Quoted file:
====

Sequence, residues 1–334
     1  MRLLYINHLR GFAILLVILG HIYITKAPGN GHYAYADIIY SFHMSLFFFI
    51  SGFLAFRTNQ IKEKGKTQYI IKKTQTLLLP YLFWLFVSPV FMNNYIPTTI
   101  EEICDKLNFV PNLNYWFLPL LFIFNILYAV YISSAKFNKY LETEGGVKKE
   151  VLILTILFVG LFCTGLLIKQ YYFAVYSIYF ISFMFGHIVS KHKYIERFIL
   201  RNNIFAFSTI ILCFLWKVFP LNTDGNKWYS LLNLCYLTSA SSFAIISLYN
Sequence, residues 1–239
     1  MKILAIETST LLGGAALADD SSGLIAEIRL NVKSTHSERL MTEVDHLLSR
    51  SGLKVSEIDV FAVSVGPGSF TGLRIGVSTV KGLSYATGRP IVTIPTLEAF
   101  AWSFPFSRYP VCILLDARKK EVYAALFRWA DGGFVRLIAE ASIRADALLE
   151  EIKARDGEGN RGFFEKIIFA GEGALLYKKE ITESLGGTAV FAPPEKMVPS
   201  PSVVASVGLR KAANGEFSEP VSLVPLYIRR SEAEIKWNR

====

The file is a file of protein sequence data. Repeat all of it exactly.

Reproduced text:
Sequence, residues 1–334
     1  MRLLYINHLR GFAILLVILG HIYITKAPGN GHYAYADIIY SFHMSLFFFI
    51  SGFLAFRTNQ IKEKGKTQYI IKKTQTLLLP YLFWLFVSPV FMNNYIPTTI
   101  EEICDKLNFV PNLNYWFLPL LFIFNILYAV YISSAKFNKY LETEGGVKKE
   151  VLILTILFVG LFCTGLLIKQ YYFAVYSIYF ISFMFGHIVS KHKYIERFIL
   201  RNNIFAFSTI ILCFLWKVFP LNTDGNKWYS LLNLCYLTSA SSFAIISLYN
Sequence, residues 1–239
     1  MKILAIETST LLGGAALADD SSGLIAEIRL NVKSTHSERL MTEVDHLLSR
    51  SGLKVSEIDV FAVSVGPGSF TGLRIGVSTV KGLSYATGRP IVTIPTLEAF
   101  AWSFPFSRYP VCILLDARKK EVYAALFRWA DGGFVRLIAE ASIRADALLE
   151  EIKARDGEGN RGFFEKIIFA GEGALLYKKE ITESLGGTAV FAPPEKMVPS
   201  PSVVASVGLR KAANGEFSEP VSLVPLYIRR SEAEIKWNR